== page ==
Sunday, March 30, 2008

One more night with Zef

It was the return of the most familiar of all Met productions, but last night's season premiere of La Boheme seemed a bit more like a new production premiere than a revival. Revivals, with less rehearsal and more routine, too often start out with generic, unfocused character dynamics (new productions more often fail for too much detail) and and more than a few pit-stage and pit-podium disconnects. This performance was sharp, alive, and unified all the way through, with no routine to speak of.

Perhaps it was the presence on the night of original director Franco Zeffirelli, who was honored on stage after the Act II spectacle for which he's now best known. I don't know whether he worked on the show's rehearsals, but both cast and audience seemed very pleased to have him take a bow. Current Met GM Peter Gelb -- with Joe Volpe standing behind him! -- noted Zef's remarkably long association with the company (his first production was in 1964 at the Old Met) and described a pair of memorial plaques just installed inside the proscenium. Zeffirelli gave a short speech of thanks, first thanking Sybil (aka "Mrs. Donald D.") Harrington before singling out Pavarotti, Carlos Kleiber, and Mirella Freni for their work in this Boheme, and then thanking the technical staff of the Met for making his productions work. He shook hands with the singers from past productions who had come to help honor him. Audience reception was very, very warm.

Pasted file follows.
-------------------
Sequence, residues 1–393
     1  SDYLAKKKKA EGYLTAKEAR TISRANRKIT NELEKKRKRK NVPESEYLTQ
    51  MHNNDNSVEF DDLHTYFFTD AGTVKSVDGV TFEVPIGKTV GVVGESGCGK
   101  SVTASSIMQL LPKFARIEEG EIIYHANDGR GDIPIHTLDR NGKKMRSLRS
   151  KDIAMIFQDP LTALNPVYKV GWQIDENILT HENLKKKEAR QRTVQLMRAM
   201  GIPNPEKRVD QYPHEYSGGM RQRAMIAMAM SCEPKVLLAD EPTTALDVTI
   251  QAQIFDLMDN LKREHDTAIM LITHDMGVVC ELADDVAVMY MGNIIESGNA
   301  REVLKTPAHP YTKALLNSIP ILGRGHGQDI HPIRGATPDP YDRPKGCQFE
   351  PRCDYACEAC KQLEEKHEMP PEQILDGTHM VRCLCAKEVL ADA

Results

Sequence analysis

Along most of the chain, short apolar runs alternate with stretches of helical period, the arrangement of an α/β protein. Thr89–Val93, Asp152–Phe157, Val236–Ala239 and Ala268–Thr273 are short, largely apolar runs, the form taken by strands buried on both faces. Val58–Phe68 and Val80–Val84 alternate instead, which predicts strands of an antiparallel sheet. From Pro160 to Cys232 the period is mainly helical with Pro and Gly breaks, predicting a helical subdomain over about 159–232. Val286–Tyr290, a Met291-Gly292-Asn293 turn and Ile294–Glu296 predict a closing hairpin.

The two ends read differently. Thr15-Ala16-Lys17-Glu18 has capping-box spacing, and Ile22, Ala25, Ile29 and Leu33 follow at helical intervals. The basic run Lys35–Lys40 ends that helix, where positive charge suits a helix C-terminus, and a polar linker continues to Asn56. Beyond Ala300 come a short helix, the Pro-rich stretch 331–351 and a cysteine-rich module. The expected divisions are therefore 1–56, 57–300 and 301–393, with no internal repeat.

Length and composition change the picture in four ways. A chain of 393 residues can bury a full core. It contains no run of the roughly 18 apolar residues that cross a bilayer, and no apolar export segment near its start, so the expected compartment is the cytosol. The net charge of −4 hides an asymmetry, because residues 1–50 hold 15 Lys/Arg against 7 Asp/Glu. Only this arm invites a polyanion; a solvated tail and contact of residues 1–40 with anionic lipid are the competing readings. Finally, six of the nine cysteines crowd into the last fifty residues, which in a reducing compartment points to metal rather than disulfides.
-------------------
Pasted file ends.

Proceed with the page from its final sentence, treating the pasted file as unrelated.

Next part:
Or perhaps it was conductor Nicola Luisotti. Never having heard him, I was almost shocked to hear the sounds coming from the pit from the opera's very beginning. Textures were clear, each of Puccini's instrumental touches were sounded with individual life, and everything felt of a piece. It's very, very difficult to mess up Boheme with this orchestra, but drawing out sound like this still shows far-above-routinier talent. Beyond basic sound, he shapes the music unstintingly, making the sort of grand (and small) expressive gestures of tempo and breath that would be disastrous if they weren't so successful. His sense of the opera's dramatic flow was remarkable, and his extremely entertaining body language grew bigger and clearer at each deviation from the straightforward. It seems Luisotti's soon taking over at San Francisco Opera: they should be very happy.